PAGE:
Patricia Arango, Central Alberta Sexual Assault Support Centre executive director, says the number of children seeking help is growing. (File photo by Advocate staff)

#MeToo movement doesn’t explain increase in child victims

Red Deer agency looking for answers

While the #MeToo movement encouraged more adults to come forward with sexual assault complaints, the Central Alberta Sexual Assault Support Centre is trying to figure out why more children are also looking for help.

Statistic Canada’s report on police-reported sexual assaults in Canada before and after the #MeToo movement showed Alberta’s rate climbed seven per cent.

Nationally, the rate jumped 24 per cent after the #MeToo moment went viral in October 2017. Quebec saw the largest increase in reported sexual assaults at 61 per cent.

“Definitely, we’ve seen some increase, but I am still questioning why we have more kids,” said Patricia Arango, executive director of the centre.

She said #MeToo did increase the number of historical sexual assault cases.

“I believe the campaign has motivated more people to report. The kids coming are not historical. That is my concern, my question. There is something here we’re missing.”

She said for children under 12 who are being molested, 100 per cent of them are being assaulted in their own homes.

“Stranger danger is not working anymore.”

And there are just as many victims who are boys as there are girls, she said.

During July, August and September, the centre had 642 clients and 221, or 34 per cent, were children.

Arango said moving forward, the centre will continue to focus on its education programs, work to keep the conversation going, and remind the community that the centre is here to help.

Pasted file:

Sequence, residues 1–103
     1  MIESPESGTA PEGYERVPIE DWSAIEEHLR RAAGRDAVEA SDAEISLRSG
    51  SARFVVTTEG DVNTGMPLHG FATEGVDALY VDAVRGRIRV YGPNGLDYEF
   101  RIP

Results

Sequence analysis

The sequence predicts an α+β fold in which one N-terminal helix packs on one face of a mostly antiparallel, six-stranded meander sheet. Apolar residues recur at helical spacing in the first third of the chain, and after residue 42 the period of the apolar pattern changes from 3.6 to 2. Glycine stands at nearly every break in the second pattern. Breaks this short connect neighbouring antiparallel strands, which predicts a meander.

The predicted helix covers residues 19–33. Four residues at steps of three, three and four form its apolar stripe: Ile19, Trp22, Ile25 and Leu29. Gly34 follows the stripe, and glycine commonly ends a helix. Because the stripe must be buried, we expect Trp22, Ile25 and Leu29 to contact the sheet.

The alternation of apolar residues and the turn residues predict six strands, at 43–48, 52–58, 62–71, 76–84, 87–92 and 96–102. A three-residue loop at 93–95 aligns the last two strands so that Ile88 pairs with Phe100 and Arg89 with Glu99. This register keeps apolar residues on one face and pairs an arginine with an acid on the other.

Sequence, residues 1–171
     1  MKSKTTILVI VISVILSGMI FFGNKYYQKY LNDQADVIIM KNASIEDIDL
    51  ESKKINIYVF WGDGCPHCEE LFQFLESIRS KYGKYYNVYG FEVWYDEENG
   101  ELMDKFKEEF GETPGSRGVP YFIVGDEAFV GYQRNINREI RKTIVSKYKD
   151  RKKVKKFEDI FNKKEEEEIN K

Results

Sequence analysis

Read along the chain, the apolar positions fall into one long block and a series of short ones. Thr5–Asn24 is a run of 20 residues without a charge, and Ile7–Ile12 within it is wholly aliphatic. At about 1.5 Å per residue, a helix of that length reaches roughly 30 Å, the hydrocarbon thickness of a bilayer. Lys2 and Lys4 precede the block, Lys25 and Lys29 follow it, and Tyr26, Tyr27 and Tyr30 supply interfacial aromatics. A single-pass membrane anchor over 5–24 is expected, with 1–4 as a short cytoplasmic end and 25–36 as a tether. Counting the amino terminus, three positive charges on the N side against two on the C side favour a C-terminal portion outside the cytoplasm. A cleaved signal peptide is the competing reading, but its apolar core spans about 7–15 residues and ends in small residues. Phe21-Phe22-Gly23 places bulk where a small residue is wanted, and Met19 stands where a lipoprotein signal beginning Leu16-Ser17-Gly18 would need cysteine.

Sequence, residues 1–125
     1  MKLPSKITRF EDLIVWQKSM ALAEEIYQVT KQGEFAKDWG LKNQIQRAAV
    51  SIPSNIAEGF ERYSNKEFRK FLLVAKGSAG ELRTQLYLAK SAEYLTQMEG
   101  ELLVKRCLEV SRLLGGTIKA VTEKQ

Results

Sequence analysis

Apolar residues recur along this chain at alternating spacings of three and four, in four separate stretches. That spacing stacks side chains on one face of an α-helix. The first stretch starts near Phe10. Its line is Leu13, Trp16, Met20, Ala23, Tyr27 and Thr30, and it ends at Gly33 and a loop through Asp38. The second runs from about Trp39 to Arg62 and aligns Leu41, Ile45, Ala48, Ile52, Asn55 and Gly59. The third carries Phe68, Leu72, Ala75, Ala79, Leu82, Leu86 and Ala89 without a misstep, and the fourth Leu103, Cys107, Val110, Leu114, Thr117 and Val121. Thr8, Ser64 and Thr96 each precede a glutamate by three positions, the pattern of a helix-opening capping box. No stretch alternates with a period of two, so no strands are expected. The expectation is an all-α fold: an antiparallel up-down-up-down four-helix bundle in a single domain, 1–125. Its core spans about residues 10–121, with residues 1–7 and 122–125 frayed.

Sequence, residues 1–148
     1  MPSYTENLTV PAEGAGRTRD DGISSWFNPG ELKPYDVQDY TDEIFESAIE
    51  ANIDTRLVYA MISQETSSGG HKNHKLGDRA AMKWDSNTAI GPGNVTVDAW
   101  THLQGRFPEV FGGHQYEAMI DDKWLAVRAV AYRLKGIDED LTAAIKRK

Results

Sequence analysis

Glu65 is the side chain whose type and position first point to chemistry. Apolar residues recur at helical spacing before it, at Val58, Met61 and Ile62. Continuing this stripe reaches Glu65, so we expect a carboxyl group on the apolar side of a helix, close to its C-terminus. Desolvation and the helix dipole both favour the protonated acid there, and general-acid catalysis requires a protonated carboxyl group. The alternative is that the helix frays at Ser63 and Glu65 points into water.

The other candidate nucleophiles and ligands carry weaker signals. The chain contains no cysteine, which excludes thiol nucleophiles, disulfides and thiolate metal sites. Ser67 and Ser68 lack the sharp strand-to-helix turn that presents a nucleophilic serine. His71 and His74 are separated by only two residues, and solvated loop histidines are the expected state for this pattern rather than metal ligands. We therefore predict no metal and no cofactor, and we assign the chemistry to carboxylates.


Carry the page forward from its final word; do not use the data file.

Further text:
The Statistics Canada study looked at sexual assaults reported to police that were subsequently deemed to be a criminal offence. It did not include all complaints, and the accusations have not necessarily led to criminal charges.

“This sharp increase in police-reported sexual assaults following the #MeToo movement does not necessarily reflect a rise in the prevalence of sexual assaults in Canada, but is likely attributable to a combination of factors, including an increased willingness of victims to report to police,” the study’s authors wrote.

Other factors include heightened awareness of what constitutes sexual assault, public messages from police forces urging victims to come forward, and changes in police practices when it comes to classifying sexual assaults as founded or unfounded.

With files from The Canadian Press

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